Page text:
Vaccination remains a key part of prevention, even as more drugs become available, says Dr. Topal. He pictures prevention as an upside-down pyramid. Vaccination, mitigation efforts, such as masking, and testing would be at the base—and medications at the top point.

“Early testing is key to making these drugs work,” he says. “It’s always been the Achilles’ heel of these antiviral drugs that most people don’t get tested—or they don’t have access to testing.

He encourages taking a test even if you think you only have a cold or allergies—and if you can get one. “Home testing is a huge part of the way to really ‘operationalize’ these medications,” he says, adding that while home tests may not be as highly sensitive as the laboratory-based polymerase chain reaction (PCR) tests, they are still very helpful in making a diagnosis.

Dr. Topal says people also should remember that Paxlovid, even with its high efficacy, is not perfect, and even if it were, viruses can mutate and develop resistance to antiviral medications. “Will some people still be hospitalized? Yes—no medication is perfect,” he says. “But for many high-risk patients, this medication can really reduce that risk.”

If you are experiencing symptoms of COVID-19 and think you are eligible for a treatment, you can visit the government Test-to-Treat Locater. You can use the site to search for the places near you where you can fill a COVID-19 prescription, or identify sites that provide testing, medical care, and COVID-19 medications. 

Information provided in Yale Medicine articles is for general informational purposes only. No content in the articles should ever be used as a substitute for medical advice from your doctor or other qualified clinicians. Always seek the individual advice of your health care provider with any questions you have regarding a medical condition.”

As always, we state emphatically to contact your health care professional to access your personal medical situation.

 With over 100,000 new cases in the UK each week, getting an appointment through the NHS would have been impossible. When we were here in 2019 and needed a prescription refill, it took me days of phone calls and frustration to finally get an appointment. It is the same for citizens of the UK and the national health system.

As it turned out, this drug must be taken within three days of a positive test, and by the time I heard about this, this three-day window had passed. By the time we would have been able to secure an appointment, five or more days would have passed. Besides, at the time, we were too sick to be making calls all day and eventually heading out for an appointment. It just didn’t work out.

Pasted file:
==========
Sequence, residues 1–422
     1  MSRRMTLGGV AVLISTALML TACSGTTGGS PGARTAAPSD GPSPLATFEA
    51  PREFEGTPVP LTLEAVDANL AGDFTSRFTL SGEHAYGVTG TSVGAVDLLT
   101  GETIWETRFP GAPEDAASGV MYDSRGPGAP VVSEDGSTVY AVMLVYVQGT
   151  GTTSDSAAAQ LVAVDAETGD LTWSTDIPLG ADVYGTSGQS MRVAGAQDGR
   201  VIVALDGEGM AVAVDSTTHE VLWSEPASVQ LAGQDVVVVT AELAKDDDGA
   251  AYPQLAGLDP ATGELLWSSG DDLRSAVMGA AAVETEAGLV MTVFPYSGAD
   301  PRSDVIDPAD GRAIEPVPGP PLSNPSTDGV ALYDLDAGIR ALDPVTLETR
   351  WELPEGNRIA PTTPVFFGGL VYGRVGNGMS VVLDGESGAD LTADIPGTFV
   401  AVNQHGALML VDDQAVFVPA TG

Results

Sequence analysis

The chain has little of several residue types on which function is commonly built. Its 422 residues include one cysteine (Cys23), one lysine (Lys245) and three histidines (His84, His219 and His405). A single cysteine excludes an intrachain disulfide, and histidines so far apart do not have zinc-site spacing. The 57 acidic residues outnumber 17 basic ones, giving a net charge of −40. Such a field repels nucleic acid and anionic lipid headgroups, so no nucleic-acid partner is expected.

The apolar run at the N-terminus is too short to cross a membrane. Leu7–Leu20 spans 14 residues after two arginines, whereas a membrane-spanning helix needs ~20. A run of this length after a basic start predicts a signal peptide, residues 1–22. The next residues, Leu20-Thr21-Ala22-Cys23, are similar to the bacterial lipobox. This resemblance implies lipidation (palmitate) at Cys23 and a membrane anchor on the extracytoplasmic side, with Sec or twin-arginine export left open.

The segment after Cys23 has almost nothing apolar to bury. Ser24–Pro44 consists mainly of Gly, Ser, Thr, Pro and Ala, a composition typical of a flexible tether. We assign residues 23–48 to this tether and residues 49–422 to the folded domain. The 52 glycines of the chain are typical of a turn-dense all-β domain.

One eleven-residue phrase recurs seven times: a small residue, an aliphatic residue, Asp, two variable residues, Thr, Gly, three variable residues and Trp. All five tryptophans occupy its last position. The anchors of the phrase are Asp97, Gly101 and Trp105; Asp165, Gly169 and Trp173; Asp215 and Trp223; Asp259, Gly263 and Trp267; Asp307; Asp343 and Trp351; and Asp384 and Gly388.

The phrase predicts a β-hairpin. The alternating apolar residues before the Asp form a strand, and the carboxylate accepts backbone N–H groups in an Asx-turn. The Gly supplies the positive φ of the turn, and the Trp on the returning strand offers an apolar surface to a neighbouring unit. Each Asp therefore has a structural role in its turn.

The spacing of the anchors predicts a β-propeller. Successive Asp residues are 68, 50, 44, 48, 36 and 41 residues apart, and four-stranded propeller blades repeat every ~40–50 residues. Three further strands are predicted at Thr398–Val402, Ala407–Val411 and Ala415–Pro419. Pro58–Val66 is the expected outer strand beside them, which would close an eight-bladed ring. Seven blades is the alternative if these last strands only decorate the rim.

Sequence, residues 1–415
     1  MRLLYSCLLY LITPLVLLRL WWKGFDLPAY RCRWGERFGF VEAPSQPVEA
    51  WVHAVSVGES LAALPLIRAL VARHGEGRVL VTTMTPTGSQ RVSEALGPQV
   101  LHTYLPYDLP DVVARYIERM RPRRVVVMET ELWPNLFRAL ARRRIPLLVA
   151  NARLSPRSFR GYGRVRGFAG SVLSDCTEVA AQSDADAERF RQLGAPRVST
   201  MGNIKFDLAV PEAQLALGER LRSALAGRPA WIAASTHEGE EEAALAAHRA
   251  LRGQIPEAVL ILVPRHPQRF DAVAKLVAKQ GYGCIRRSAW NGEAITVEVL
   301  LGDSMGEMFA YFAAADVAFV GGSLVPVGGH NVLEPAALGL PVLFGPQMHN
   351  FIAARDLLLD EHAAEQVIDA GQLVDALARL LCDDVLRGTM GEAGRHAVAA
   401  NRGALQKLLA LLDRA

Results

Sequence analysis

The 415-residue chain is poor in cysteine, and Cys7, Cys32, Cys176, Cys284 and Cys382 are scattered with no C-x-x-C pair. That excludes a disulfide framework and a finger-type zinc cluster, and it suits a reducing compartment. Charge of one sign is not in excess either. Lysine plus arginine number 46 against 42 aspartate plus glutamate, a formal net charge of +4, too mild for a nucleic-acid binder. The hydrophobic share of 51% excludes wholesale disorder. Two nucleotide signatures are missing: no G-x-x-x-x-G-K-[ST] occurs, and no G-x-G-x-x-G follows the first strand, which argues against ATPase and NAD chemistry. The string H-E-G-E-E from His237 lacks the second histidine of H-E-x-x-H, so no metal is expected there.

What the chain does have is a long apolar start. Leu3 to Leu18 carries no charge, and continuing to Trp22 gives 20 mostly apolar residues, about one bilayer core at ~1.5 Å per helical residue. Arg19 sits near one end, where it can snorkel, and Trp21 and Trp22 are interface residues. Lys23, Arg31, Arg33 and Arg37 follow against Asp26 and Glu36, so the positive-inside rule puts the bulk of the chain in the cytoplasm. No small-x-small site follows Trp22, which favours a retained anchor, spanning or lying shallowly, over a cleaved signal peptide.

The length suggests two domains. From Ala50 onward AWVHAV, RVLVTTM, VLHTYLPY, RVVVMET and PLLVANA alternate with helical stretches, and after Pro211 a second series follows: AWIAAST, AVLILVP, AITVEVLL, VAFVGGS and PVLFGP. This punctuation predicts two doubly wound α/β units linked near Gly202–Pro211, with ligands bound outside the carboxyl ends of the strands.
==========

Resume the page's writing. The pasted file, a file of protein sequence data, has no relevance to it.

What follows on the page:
We are on the mend. Only the tiredness and cough remain, each improving a little each day. There is nothing more we can do at this point.

We would love to be able to return to South Africa with a supply of Paxlovid but based on restrictions in prescribing this drug. There is no way this will be possible.

However, I would like to get another booster before we leave the US, preferably not another J & J but a different brand. I am not entirely confident about J & J providing the protection we need.

Are we hesitant about cruising after this experience? Sure. It would be hard not to be. But that doesn’t mean we will cancel all of our remaining cruises. However, we do ask ourselves what we could have done differently.

We know the answer. It was too close contact with many groups of passengers. How do we avoid that? Did we stay up too late on most nights when we had such fun? We are very social. Surely, that’s what caused us to catch the virus. Then again, that’s a significant factor in us enjoying cruises. How do we work around that?

There is no easy answer. We’ve been safe in South Africa for the past 14 months. We’ve flown on several occasions. We visited the US and Zambia for visa stamps without issue. Certainly, our exposure resulted from being aboard a cruise ship of 1288 passengers.

Tomorrow morning the driver will pick us up to take us to London. If we have time, I will post before we leave or in the hotel once we arrive.

Note: We are working on getting the automatic emails working again. You may get two exact posts today since I sent one manually and our hosting company sent another. So sorry for this inconvenience.

Be well.